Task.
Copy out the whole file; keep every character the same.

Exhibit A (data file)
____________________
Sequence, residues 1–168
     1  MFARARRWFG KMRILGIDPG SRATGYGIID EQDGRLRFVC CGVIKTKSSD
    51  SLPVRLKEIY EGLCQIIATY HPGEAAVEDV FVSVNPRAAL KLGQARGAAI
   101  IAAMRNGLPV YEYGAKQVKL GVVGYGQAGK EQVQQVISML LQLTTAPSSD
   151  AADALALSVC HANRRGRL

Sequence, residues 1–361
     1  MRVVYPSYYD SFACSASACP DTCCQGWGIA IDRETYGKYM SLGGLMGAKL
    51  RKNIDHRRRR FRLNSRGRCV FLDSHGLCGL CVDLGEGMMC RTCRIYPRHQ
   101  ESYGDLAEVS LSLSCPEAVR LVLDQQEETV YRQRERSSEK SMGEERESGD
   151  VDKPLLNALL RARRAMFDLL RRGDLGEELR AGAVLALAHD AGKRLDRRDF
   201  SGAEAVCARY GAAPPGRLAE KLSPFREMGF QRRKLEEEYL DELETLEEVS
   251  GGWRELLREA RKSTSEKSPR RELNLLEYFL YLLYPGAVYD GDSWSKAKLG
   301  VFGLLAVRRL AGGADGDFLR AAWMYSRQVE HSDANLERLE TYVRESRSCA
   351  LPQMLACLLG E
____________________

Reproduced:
Sequence, residues 1–168
     1  MFARARRWFG KMRILGIDPG SRATGYGIID EQDGRLRFVC CGVIKTKSSD
    51  SLPVRLKEIY EGLCQIIATY HPGEAAVEDV FVSVNPRAAL KLGQARGAAI
   101  IAAMRNGLPV YEYGAKQVKL GVVGYGQAGK EQVQQVISML LQLTTAPSSD
   151  AADALALSVC HANRRGRL

Sequence, residues 1–361
     1  MRVVYPSYYD SFACSASACP DTCCQGWGIA IDRETYGKYM SLGGLMGAKL
    51  RKNIDHRRRR FRLNSRGRCV FLDSHGLCGL CVDLGEGMMC RTCRIYPRHQ
   101  ESYGDLAEVS LSLSCPEAVR LVLDQQEETV YRQRERSSEK SMGEERESGD
   151  VDKPLLNALL RARRAMFDLL RRGDLGEELR AGAVLALAHD AGKRLDRRDF
   201  SGAEAVCARY GAAPPGRLAE KLSPFREMGF QRRKLEEEYL DELETLEEVS
   251  GGWRELLREA RKSTSEKSPR RELNLLEYFL YLLYPGAVYD GDSWSKAKLG
   301  VFGLLAVRRL AGGADGDFLR AAWMYSRQVE HSDANLERLE TYVRESRSCA
   351  LPQMLACLLG E